The Importance of Making Tax-Efficient Withdrawals

The tax status of your portfolio can impact how much you withdraw each year and from which “bucket” of money.

Your portfolio is made up of a mix of tax-free income (like Roth accounts), taxable income (from a brokerage account), and tax-deferred income (from a 401(k) or traditional IRA). Here are a few strategies for making tax-efficient withdrawals in retirement when utilizing different types of income.

Plan for RMDs

Tax-deferred retirement savings accounts like 401(k)s and traditional IRAs are subject to required minimum distributions (RMDs). Beginning when you turn 73, you will be required to withdraw from these accounts each year. The IRS mandates these withdrawals because, unlike Roth accounts, they have not yet collected taxes on the contributions (or growth) — and they don’t want retirees holding onto the funds indefinitely without paying taxes.

The tricky part about RMDs is that they add to your taxable income for the year, whether you want to take them or not. You and your advisor should discuss ways to strategically incorporate RMDs into your retirement income strategy, as there may be ways to reduce their impact on your overall tax liability.

For example, you can donate some of your RMDs directly to charity and deduct the amount from your taxable income. Or, you can do a Roth conversion, which involves rolling the funds over to a Roth account and paying the tax liability immediately. You may also want to withdraw from your 401(k) or IRA early. This would reduce the overall size of the accounts (which impacts how much you’re required to withdraw each year).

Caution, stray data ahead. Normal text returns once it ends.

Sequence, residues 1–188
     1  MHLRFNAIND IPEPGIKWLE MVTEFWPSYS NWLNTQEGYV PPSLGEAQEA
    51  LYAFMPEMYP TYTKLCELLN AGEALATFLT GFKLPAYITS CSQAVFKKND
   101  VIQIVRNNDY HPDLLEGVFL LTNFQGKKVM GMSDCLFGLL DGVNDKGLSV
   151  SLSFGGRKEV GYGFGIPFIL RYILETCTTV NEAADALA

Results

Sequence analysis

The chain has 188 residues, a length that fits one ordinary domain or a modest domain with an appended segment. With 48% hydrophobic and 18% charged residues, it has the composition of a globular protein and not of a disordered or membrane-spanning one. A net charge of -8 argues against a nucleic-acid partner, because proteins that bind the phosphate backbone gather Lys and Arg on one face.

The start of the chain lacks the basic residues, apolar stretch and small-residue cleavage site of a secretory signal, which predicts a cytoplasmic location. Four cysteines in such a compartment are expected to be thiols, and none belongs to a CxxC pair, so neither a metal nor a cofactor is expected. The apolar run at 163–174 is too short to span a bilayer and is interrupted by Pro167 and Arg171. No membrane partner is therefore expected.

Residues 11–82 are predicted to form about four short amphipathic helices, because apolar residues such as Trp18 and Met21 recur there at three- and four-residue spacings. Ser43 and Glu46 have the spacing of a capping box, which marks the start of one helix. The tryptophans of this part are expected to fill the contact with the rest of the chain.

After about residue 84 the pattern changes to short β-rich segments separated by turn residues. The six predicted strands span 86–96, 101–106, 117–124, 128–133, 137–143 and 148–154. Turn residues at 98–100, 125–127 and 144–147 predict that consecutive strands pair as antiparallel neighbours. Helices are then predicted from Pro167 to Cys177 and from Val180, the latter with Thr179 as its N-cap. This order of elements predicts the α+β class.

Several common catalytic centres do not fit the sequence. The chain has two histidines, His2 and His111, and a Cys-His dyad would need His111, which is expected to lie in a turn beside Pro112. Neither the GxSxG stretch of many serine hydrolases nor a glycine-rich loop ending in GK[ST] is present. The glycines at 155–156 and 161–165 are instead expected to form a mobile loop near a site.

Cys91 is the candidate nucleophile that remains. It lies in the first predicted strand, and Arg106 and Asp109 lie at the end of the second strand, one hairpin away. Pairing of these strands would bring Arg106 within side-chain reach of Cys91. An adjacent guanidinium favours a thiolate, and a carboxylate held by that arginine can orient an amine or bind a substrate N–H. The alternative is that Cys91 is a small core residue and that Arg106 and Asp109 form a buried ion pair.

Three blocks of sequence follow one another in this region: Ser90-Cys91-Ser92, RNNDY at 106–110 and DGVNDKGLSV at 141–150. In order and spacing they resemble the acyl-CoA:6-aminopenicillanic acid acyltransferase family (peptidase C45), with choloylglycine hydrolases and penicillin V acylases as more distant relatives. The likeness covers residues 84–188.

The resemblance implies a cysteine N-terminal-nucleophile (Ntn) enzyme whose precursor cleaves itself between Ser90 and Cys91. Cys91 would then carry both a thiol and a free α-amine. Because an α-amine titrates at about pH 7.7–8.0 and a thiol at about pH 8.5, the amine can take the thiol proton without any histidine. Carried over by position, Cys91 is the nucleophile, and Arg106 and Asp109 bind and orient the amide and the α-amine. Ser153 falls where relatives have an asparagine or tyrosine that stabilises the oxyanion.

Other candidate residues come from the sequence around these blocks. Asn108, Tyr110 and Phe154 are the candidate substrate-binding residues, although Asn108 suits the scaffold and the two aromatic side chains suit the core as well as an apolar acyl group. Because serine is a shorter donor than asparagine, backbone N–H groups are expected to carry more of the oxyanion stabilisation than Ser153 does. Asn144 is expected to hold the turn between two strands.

It’s also worth noting that neglecting to take your RMDs can lead to hefty tax penalties from the IRS. Before passing the SECURE 2.0 Act in 2022, failing to withdraw your RMDs would result in a staggering 50% tax penalty on any amount not withdrawn. However, the penalty has dropped to 25% (which is still a significant amount). If you can remedy the situation within two years, the penalty drops to 10%.1  

Keep Your Tax Bracket in Mind

You’re essentially creating your paycheck in retirement, which gives you more freedom to control your tax bracket than you may have had during your working years.

If you’re teetering toward the top of your tax bracket, perhaps you want to pull from after-tax accounts (like your Roth). The key is to keep a close eye on your tax bracket in the first place. Otherwise, you may increase your tax liability unnecessarily.

Hold on to Investments for Over a Year

Anytime you purchase a security or investment and sell it at a profit, you may be liable for paying capital gains tax on the profit (called capital gain). So, while you’ll likely want to pull from your brokerage account to help cover your expenses in retirement, be mindful of how long you’ve held onto an investment before selling it off.